Sunday, May 16, 2021

Lack of transparency hinders project management – Specialist

An American project management specialist has cited lack of transparency among the major constraints that impede project management in Botswana.

“You have to have an appetite for transparency,” said Mike Sicilia from Oracle Primavera at a seminar held at the Gaborone International Convention Centre on Thursday morning.

While he never gave a specific Botswana example, he nonetheless quoted one from overseas that painted a vivid picture of what happens when there is no transparency within an organisation. The example was of the construction of the Airbus 380, the world’s largest passenger airliner which was delivered late and way over-budget. Sicilia recalled a meeting with the company’s chief technical officer who wanted Oracle Primavera to conduct a performance management audit to determine why the Airbus 380 project was “so many years late and so drastically over-budget” and how it could be set back on course.

One widely-used project management technique for scheduling projects is called critical path analysis. Project management professionals use it to see which series of activities impact the overall schedule of a project. In conducting this sort of analysis, Sicilia said that they found that the problem was not related to airworthiness or safety issues but an improperly packaged overhead video system. The system was designed in France, manufactured in Germany and assembled in the United Kingdom. Diagnosing the problem required talking to all the parties involved in the production process.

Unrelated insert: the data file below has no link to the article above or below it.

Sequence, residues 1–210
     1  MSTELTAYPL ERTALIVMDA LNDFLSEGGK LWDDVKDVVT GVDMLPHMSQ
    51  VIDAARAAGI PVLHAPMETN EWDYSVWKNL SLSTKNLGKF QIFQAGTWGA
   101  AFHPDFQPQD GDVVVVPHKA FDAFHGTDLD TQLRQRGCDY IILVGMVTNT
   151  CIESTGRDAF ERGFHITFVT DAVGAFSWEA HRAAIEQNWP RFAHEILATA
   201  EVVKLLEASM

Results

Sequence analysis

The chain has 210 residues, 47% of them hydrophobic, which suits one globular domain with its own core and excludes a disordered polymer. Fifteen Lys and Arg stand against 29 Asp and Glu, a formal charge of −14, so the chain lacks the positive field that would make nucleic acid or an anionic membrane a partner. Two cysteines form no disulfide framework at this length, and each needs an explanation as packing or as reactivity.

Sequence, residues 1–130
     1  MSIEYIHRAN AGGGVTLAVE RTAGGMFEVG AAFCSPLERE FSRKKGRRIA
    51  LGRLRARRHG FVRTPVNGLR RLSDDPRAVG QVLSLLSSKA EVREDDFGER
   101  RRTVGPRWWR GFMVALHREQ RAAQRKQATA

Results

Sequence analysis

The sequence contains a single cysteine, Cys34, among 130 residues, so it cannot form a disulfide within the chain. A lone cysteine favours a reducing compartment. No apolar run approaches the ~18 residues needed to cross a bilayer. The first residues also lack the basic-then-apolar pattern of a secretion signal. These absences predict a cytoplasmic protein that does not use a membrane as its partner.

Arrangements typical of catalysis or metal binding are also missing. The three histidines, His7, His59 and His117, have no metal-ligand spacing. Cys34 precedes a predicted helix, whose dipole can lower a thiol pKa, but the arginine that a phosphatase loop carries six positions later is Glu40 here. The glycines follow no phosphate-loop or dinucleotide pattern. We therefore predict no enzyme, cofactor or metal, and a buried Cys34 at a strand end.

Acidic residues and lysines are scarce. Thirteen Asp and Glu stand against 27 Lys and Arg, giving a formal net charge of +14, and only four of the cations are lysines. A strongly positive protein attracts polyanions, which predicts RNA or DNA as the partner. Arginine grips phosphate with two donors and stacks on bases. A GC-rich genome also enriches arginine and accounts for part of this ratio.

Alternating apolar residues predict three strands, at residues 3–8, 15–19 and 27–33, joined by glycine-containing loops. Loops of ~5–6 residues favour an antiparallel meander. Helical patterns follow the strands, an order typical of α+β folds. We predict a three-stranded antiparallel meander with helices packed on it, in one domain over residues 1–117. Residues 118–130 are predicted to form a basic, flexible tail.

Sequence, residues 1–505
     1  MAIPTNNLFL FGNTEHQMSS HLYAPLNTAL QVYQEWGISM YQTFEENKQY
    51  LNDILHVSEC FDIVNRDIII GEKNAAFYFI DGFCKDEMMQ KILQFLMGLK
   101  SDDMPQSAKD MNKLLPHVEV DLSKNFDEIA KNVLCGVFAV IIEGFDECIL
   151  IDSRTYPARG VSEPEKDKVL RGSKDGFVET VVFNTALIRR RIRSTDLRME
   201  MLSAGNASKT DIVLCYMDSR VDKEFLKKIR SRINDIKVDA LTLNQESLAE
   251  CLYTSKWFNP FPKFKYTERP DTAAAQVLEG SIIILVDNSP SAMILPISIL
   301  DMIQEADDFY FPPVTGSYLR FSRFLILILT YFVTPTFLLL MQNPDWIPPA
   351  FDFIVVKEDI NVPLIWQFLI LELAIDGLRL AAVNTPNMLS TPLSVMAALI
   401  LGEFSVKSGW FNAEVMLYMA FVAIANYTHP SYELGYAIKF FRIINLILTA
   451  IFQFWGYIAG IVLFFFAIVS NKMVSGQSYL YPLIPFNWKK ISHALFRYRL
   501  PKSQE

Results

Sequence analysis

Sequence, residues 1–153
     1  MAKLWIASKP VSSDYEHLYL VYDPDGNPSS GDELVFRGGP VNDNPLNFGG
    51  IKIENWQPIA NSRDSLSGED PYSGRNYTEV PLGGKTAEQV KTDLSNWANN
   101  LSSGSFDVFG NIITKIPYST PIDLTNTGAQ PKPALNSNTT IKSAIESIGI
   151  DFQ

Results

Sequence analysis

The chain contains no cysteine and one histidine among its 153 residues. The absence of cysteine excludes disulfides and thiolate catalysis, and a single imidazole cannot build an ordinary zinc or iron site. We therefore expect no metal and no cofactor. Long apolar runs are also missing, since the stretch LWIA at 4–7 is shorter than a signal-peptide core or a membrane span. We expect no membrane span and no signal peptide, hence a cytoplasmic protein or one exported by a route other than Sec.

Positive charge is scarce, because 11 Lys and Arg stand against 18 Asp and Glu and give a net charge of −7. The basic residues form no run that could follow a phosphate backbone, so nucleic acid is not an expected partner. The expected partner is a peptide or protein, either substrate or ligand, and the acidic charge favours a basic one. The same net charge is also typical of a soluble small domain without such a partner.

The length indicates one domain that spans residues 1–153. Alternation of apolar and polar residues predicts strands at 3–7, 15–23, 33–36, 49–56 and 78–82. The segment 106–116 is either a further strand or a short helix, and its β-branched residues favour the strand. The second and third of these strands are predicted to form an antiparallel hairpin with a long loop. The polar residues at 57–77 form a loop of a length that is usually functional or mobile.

Sicilia said that it turned out that working relations were not transparent enough to allow low-level employees to tell managers that there was a problem with the video system. There was a risk of the former being fired if they had delivered the bad news and so what began as a small, manageable problem snowballed into a bigger, almost unmanageable one that ended up costing the company a lot of money. The moral of the story: managers should be transparent and willing to take bad news.

“There should be transparency, openness and honesty,” Sicilia, metaphorically adding that such attributes would enable a company to recover “while the light is still ember.”

For those familiar with project management in Botswana, there would have been no need to give a local example because in as far as the problem relates to transparency, they can come up with their own. On the top of anybody’s list would be the Morupule “B” Power project which has had everybody on tenterhooks for the past four years. Officially, the project doesn’t have major problems but sources close to it (and the intermittent loadshedding) tell a different story.

The lack of transparency around the project is such that twice before, President Ian Khama (who gets his information from the Botswana Power Corporation management) has relayed false information to the public about the project. There would also be reason to suppose that information-sharing between partners in the project is not at the right level of transparency. Once before, the African Development Bank, which is one of the project financiers, has had to rely on a Sunday Standard story to compile its own report about the project.


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